COVID-19: How to make the most of the lockdown
Monday, April 27, 2020. Author Geraldine Campbell
Monday, April 27, 2020. Author Geraldine Campbell
The restrictions placed on many of us during the current COVID-19 pandemic have seen our usual day-to-day routines become disrupted: no access to a gym or sports clubs, working from home in sometimes non-ideal environments, and having access to the fridge more often!
This loss of routine can significantly alter our behaviours, which can negatively affect our ability to work towards and fulfil our personal health and fitness goals. For example, you may usually pack a gym bag before going to bed, so you’re ready to hit the gym the following morning before work. Now that you no longer have to leave the house to get to work, you stop packing your gym equipment, skip your workout altogether, and get that extra shut eye instead.
You may also find that, despite actually having more time to work on certain goals, your motivation levels drop during lockdown, perhaps due to negative emotional states (stress, boredom etc).
While we may need to adapt some aspects of our diet, exercise and lifestyle, lockdown doesn’t mean we have to abandon our fitness goals completely.
Here’s some tips on how to utilise this lockdown time more effectively to make progress towards some of your personal goals.
Our fast-paced lifestyles usually make it is easy to opt for quick, grab-and-go foods over spending time at home cooking. Now that most restaurants are closed during lockdown, however, you may have more time to spend preparing and cooking meals.
Not only can you keep your meals exciting by experimenting with new recipes, you can also ensure they are healthy and contain the correct quantities of nutrients for your health and fitness goals.
Here are some great recipes you could try:
Alongside taking time to prepare your meals, look to eat your meals in the right environment. Try switching off the TV or your phone and taking time to sit at a table (if possible) and really relish your meal. This will not only help you enjoy it more, but it can also help prevent overconsumption.
Whether it is your garden or your living room, find a space in which you know you have enough room to complete your workouts. Keep all your equipment there too, so that everything that you need can be easily found.
Try and keep up a schedule of workouts for each week, but don’t be too hard on yourself if you are just not feeling that HIIT session; taking time to rest and recuperate is still important.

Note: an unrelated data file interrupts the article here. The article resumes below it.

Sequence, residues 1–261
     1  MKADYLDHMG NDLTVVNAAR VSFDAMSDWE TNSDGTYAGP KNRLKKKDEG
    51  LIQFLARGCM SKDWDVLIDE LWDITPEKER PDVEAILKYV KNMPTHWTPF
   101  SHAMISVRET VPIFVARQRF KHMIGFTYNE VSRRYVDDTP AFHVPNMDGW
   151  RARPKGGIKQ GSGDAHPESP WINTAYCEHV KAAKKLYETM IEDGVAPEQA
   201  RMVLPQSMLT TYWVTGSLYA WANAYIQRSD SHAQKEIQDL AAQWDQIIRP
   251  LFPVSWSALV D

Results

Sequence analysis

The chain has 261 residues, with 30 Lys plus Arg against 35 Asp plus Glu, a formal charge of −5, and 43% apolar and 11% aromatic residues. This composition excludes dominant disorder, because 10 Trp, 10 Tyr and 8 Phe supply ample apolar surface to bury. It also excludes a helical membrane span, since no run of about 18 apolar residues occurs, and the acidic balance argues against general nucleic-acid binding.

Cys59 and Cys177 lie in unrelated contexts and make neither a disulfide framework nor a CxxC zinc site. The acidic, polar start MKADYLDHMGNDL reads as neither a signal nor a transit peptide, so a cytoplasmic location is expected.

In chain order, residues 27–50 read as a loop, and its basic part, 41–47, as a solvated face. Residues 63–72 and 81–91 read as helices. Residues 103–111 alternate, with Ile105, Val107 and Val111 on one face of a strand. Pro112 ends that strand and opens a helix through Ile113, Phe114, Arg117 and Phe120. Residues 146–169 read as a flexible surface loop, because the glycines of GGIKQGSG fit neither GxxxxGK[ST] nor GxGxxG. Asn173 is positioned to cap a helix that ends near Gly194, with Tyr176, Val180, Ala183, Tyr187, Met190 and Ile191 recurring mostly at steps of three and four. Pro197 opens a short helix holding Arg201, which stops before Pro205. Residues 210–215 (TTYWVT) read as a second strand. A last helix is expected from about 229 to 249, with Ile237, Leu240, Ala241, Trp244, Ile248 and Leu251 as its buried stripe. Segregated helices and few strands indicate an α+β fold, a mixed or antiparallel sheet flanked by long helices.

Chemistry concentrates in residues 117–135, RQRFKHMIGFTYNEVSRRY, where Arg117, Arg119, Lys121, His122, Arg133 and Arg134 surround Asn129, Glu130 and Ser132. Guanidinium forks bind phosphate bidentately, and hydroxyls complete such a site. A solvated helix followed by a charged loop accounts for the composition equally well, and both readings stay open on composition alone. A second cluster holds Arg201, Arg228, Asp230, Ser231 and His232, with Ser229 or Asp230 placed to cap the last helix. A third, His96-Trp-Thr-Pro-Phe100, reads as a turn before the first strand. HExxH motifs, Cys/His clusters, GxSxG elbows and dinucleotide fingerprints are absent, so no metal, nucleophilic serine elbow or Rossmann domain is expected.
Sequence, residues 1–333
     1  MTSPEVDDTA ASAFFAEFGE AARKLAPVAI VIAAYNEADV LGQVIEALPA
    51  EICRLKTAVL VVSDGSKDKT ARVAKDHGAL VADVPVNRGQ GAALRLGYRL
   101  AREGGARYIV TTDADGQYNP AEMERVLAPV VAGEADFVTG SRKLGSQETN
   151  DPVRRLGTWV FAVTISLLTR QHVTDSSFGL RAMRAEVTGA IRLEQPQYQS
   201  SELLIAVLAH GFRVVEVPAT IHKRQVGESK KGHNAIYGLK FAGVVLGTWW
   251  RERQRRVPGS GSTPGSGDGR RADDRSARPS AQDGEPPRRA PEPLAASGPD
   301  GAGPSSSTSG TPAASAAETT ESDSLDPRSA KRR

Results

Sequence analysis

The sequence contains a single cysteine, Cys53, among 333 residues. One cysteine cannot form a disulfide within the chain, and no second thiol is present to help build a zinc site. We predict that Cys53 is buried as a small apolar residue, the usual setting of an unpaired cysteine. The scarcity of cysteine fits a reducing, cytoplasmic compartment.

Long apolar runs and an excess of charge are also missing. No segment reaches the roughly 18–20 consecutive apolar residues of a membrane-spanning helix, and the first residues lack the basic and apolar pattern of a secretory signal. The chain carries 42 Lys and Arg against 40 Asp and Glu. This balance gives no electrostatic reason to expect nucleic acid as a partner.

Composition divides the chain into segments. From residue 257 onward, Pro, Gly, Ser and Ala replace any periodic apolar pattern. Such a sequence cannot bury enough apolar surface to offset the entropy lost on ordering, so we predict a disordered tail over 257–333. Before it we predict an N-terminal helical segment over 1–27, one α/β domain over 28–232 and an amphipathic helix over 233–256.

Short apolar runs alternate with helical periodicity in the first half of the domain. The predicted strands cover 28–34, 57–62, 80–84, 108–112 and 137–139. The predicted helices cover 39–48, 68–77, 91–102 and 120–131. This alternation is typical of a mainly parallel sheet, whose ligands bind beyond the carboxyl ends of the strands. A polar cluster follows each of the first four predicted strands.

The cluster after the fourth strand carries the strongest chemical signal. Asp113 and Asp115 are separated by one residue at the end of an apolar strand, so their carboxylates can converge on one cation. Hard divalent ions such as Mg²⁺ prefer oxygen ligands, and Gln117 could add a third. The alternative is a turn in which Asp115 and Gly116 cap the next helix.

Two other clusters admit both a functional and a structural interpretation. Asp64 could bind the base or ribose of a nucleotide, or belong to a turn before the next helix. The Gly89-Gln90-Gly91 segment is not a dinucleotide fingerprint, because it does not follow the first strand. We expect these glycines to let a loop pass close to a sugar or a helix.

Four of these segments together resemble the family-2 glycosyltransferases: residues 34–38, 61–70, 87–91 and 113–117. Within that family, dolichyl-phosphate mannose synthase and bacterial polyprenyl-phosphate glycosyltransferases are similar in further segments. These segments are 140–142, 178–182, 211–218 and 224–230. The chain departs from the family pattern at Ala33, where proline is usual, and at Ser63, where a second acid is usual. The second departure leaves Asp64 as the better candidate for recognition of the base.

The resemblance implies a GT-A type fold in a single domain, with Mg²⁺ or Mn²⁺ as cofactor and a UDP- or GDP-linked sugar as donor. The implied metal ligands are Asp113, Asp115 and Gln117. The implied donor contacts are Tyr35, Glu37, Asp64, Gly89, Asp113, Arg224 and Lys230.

If you’re looking for new home-based workouts, our Get Fit plans are perfect as they can be done either using just your body weight or with free weights. Remember, even household items such as bottles of juice, bags of flour or a bucket filled can be used to add weight to your exercises!
Not everyone has the luxury of a garden, especially in some of the major cities around the world, so it is really important to use your allotted time to try and get outside (here in the UK it is once per day).
Not only does it help you escape the clutches of your home’s four walls, it provides plenty more benefits, including:
Vitamin D – exposure to sunlight is an important source of Vitamin D. As last week’s blog explained, vitamin D is important for supporting your immune system. It also plays other key roles in your body such as facilitating the absorption of calcium (which is important for bone health), enhancing cognition, and preventing muscle weakness.
Mental health benefits – there is plenty of research showing that outdoor exercise provides more positive impacts on your mental health than indoor exercise. People who exercise outdoors, immersed in nature, feel more revitalized, have higher energy levels, and lower levels of tension, confusion, and anger compared to those exercising indoors.
Physical health benefits – if you use your time outside for cardio exercise (e.g. a run or cycle), then you’ll boost your cardiovascular health, strengthen your bones and joints, and improve your metabolic health (e.g. insulin sensitivity and body fat levels).
One of the main excuses for not doing things is a ‘lack of time.’ For many of us, this excuse is less applicable as it used to be (although shout out to all those people, who, juggling kids, home schooling, working, and everything else, can still use this excuse at times!).
Now may be the perfect opportunity to try doing those things you’ve always been meaning to get around to. This might be something creative like painting or learning to sew; or it might be something like learning a new language or trying a new form of exercise like yoga.
Whatever it is, you can take advantage of this prolonged time at home, as well as the fewer distractions from other activities, and start working on new hobbies. This will help build new connections in your brain, increasing your cognitive health as well as being something to keep you motivated!
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